A new study by Equifax shows many consumers with less-than-prime scores actually have a healthy measure of financial capacity.
Among the myriad impacts of the Great Recession is Americans who have suffered serious hits to their credit scores. But a new study by Equifax shows how many consumers with less-than-prime scores actually have a healthy measure of financial capacity.
The credit agency analyzed how many American adults had a near-prime or subprime credit score at the same time as having a debt-to-income ratio of less than 30 percent. Debt-to-income, or DTI, measures the proportion of a consumer’s debt in relation to their income, with 30 percent being the upper threshold of what’s considered financially healthy.
In 2008, 28.3 million Americans fit this profile of being financially solid but with a below optimal credit rating. By 2018, the number had climbed to 41.9 million Americans. That’s an increase of 48 percent, even though the population as a whole grew only 7.6 percent during the 10-year period.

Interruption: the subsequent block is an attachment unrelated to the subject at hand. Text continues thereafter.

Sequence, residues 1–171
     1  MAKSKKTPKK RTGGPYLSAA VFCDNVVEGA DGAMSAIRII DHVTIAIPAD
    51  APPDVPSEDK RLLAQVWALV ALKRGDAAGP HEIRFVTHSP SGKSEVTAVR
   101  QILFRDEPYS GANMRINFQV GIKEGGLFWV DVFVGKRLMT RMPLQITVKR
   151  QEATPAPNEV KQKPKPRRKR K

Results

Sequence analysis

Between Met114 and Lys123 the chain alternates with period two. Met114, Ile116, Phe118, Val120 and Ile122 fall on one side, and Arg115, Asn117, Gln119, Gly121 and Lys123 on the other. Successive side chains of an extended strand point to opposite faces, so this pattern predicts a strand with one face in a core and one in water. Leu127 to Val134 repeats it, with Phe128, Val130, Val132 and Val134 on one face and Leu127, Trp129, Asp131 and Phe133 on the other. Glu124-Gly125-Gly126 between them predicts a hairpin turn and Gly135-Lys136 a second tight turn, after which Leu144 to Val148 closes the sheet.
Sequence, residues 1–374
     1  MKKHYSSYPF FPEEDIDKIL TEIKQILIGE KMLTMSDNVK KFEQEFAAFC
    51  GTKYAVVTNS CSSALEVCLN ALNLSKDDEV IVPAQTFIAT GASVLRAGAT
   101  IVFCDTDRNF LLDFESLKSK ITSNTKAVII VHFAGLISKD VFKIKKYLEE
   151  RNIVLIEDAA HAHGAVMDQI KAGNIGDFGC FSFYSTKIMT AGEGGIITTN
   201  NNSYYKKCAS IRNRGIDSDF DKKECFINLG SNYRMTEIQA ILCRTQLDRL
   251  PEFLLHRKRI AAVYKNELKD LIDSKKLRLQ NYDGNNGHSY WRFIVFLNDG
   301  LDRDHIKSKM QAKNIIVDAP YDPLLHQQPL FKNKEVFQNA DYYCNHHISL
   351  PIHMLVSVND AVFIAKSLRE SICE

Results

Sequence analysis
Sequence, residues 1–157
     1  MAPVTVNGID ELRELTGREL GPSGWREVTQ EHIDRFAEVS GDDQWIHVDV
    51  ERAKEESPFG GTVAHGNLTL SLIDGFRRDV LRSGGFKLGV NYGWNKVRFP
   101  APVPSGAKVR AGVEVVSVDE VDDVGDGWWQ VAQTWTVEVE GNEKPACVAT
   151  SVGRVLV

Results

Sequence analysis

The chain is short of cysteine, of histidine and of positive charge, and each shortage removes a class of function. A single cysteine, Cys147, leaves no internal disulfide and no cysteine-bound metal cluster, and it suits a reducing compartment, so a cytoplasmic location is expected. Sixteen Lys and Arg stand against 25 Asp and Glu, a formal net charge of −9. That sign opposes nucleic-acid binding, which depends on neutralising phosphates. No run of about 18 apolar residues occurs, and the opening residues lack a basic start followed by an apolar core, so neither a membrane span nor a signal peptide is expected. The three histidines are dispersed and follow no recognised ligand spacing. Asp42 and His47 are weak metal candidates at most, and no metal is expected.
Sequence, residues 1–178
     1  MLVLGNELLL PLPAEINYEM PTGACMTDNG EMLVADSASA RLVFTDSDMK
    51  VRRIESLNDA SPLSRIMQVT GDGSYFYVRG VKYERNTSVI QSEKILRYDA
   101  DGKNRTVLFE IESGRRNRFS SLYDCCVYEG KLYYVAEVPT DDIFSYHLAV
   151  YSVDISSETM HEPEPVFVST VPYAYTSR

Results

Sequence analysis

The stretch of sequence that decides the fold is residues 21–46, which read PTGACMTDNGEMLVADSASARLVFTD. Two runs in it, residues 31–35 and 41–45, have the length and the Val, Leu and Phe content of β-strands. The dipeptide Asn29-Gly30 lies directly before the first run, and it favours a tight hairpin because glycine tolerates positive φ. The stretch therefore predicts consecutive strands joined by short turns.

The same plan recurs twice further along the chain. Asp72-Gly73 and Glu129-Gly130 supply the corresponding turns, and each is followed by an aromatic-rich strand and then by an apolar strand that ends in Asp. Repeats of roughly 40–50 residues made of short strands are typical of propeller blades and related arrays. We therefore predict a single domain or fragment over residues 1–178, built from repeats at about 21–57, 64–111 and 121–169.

Perhaps not surprisingly, millennials now make up the largest share of this group, registering at 12.3 million consumers, ages 24-41. Compared to 2008, that’s up 112 percent, or more than double.
Baby boomers were the biggest generation in this profile 10 years ago, but since then, they’ve inched up only 24 percent, to 11.4 million consumers ages 54-72.
Generation X also showed significant gains in this profile, climbing to 8.5 million Americans ages 42-53, for a 57 percent gain over 2008.
Equifax’s findings were drawn from its database of U.S. credit reports and other financial measures and were released June 5.